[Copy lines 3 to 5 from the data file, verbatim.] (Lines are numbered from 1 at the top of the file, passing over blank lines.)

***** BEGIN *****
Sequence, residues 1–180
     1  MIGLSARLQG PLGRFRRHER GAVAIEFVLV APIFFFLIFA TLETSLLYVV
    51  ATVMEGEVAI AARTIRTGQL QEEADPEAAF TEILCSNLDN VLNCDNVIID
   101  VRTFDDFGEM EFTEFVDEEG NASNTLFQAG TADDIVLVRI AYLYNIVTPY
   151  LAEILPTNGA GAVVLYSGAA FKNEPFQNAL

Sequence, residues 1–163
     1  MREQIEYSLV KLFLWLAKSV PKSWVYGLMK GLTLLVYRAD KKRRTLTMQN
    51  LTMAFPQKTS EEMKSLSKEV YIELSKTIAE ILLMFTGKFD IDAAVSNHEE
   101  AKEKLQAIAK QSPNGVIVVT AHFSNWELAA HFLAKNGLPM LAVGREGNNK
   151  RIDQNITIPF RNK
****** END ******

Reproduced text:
    51  ATVMEGEVAI AARTIRTGQL QEEADPEAAF TEILCSNLDN VLNCDNVIID
   101  VRTFDDFGEM EFTEFVDEEG NASNTLFQAG TADDIVLVRI AYLYNIVTPY
   151  LAEILPTNGA GAVVLYSGAA FKNEPFQNAL